With the XLE trim, you’ll even get to enjoy dual-zone automatic climate controls, 17-inch alloys, LEDs, an auto-dimming rear-view, and heated power front seats. The optional 10-speaker JBL sound system provides great sound, and the Technology and Safety Connect packages mean nearly every safety feature on the market is included. Of special note is the optional Qi wireless charging, not only for its innovation, but for the fact that most of the phones that utilize said charging ability are too big to fit in the charging cradle, rendering them unable to charge.
Leather covers the seats and steering wheel alike, accented by contrast stitching. There’s enough comfort and support for all-day driving, whether cruising on the highway and backroads or sitting in traffic, and soft-touch materials and unique trim provide some visual interest as well.
There’s no lack of tech here, as the Camry Hybrid comes well-equipped at the base level, let alone in XLE trim. The Entune Premium system, controlled through the 7-inch touchscreen, has always been a strong point for Toyota, and the upgrade this year only highlights that fact. The backup camera is nearly unnecessary as the Camry boasts great visibility all around, but it’s a nice touch nonetheless, and the dual 12-volt power outlets coupled with the USB and Aux inputs mean the cabin has a lot of connection points.
Options here round out the package with features like Dynamic Radar Cruise Control, which will vary your speed depending on who’s occupying the lane, lane-departure and blind-spot systems with cross-traffic alert, and a pre-collision system.
The Qi wireless charging deserves another mention as it’s such a fun feature, but the lack of planning that led to so many models of phone not fitting in the station is a real tragedy, especially when the models that use it tend to run on the large side.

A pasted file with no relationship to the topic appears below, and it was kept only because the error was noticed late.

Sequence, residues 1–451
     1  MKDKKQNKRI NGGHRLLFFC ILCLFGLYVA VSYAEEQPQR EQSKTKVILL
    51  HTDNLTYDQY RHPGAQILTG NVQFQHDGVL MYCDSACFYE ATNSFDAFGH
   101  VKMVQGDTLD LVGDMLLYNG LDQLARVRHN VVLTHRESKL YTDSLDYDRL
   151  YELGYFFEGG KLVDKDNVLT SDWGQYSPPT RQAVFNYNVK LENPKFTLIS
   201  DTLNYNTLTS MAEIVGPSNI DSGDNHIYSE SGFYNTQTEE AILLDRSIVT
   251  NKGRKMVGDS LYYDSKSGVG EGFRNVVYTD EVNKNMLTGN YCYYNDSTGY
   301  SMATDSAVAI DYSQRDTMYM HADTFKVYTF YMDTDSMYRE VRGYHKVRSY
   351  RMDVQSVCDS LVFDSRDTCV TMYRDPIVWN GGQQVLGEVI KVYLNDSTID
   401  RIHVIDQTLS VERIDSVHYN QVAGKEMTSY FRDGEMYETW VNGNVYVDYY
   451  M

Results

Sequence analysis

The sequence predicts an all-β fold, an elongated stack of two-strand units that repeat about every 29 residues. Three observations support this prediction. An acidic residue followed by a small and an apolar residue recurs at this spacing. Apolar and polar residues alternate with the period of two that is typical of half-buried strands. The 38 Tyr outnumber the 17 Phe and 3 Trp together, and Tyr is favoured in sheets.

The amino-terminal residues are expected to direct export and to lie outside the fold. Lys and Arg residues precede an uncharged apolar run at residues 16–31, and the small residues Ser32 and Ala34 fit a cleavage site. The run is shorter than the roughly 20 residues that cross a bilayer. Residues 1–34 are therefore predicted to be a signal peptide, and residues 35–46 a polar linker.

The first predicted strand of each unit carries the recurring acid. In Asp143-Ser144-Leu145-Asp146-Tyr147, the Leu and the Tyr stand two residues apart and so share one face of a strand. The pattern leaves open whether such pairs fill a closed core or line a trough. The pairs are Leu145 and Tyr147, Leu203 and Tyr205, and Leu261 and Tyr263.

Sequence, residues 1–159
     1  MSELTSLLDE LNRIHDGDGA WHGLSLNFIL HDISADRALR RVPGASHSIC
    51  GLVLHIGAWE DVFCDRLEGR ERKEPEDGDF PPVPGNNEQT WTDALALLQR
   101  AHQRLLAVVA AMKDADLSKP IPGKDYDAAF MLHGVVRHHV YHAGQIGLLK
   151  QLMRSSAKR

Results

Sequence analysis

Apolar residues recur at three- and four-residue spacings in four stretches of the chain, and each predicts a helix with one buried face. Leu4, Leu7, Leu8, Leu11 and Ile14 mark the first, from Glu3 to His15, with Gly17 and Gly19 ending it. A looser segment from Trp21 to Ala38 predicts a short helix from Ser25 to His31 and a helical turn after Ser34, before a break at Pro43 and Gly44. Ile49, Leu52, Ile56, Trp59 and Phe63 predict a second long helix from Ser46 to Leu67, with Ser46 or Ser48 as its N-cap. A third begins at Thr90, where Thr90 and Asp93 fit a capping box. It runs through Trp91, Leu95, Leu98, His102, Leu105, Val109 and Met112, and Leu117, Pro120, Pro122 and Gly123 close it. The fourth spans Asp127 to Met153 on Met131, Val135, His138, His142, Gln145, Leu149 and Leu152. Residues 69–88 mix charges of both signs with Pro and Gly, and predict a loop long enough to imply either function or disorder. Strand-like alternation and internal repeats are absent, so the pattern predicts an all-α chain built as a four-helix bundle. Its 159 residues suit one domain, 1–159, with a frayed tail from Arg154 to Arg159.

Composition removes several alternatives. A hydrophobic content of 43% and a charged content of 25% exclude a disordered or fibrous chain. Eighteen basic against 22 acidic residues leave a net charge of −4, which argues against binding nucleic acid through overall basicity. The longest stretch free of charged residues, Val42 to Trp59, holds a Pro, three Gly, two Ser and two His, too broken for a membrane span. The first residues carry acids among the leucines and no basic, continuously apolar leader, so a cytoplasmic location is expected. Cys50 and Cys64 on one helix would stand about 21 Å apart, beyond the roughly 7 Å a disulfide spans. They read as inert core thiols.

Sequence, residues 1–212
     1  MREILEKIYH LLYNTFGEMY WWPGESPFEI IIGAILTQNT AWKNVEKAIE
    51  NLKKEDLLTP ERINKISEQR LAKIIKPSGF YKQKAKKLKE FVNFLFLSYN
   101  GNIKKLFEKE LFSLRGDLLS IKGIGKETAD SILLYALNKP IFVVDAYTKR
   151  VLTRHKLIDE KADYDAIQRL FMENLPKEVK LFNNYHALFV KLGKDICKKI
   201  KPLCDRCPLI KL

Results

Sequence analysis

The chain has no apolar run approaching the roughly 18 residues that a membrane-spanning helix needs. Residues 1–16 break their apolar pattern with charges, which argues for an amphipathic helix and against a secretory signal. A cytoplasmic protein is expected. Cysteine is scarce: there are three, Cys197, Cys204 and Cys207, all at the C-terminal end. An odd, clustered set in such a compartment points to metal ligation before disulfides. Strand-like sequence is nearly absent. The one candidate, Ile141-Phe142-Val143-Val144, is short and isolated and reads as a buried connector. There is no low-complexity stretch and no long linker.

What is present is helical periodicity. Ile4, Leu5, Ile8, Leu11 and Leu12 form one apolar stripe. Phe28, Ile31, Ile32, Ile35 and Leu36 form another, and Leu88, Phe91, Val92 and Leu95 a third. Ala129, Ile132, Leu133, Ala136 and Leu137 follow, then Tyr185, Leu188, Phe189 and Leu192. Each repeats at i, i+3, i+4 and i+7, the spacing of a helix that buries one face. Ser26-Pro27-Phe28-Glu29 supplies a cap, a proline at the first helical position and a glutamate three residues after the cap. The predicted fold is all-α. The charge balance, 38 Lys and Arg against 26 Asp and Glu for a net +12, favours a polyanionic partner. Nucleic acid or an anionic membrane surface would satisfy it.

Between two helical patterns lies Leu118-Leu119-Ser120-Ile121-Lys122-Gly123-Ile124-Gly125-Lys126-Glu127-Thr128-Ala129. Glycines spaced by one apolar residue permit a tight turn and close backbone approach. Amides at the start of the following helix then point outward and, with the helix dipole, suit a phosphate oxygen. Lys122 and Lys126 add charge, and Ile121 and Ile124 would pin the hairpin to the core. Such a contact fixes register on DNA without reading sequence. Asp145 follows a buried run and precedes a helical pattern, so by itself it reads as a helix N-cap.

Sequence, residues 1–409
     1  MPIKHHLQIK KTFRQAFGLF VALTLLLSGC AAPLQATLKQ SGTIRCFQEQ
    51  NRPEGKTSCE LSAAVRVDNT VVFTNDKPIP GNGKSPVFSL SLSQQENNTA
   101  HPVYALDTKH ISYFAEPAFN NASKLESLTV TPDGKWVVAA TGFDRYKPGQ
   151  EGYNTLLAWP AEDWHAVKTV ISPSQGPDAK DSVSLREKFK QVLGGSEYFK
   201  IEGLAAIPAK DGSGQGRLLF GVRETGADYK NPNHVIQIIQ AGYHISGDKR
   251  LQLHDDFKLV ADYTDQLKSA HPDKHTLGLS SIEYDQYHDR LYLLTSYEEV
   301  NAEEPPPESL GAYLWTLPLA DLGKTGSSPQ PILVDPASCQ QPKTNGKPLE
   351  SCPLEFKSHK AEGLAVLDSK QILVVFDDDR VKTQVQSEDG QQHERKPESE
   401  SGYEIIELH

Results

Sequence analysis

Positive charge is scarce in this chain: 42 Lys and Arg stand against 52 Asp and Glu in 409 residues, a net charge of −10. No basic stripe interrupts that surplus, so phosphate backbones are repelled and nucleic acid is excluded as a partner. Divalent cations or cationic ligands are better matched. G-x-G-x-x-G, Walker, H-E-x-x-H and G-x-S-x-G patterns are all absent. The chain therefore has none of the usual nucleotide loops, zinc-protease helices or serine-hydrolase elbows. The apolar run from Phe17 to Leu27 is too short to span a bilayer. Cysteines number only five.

The Camry Hybrid is a Top Safety Pick for the Insurance Institute for Highway Safety and enjoys a 5-star overall rating from the National Highway Traffic Safety Administration, with 5 stars in side impacts and 4 stars for frontal. It comes with 10 airbags, including full curtain and dual side-knee, 4-wheel disc brakes with ABS, and traction and stability control. Stopping distance from 60 mph is around 125 feet, which is average for the midsize hybrid segment, but given the Camry Hybrid's low-rolling resistance tires, that number could be a lot lower.
In fact, despite the traction and stability-control systems, I found the Camry Hybrid’s tires to be severely lacking in traction, especially in the wet. Even mild acceleration in the corners would break loose the tires, and spirited cornering could induce sliding. Not good.
Much like the Tundra, the Camry Hybrid is not a bad vehicle — it’s safe, it’s quick, it’s simple, and everything works quite well. It’s just that competitors are beating it in the categories that matter: fuel economy and ride quality. With the Ford Fusion Hybrid putting up numbers like 40 mpg city/44 highway, the Jetta 42/48, and the Honda Accord 50/45, the Camry’s 40/38 just can’t compete. The fact that all three offer a more engaging, enjoyable ride than the Camry only seals the deal.
But the Camry is better in this category than it’s ever been, even if it’s still not the best. And it’s hard to argue with Toyota’s experience with hybrid technology. There’s a reason the Camry is the best-selling car in America, and its reputation for reliability is definitely part of that success. Add in Kelley Blue Book’s projected resale value here, and the Camry almost makes up for its shortcomings against rivals.CarGurus https://www.cargurus.com
A CarGurus contributor since 2008, Michael started his career writing about cars with the SCCA - winning awards during his time as editor of Top End magazine. Since then, his journalistic travels have taken him from NY to Boston to CA, completing a cross-country tour on a restored vintage Suzuki. While his preference is for fine German automobiles - and the extra leg room they so often afford - his first automobile memories center around impromptu Mustang vs. Corvette races down the local highway, in the backseat of his father's latest acquisition.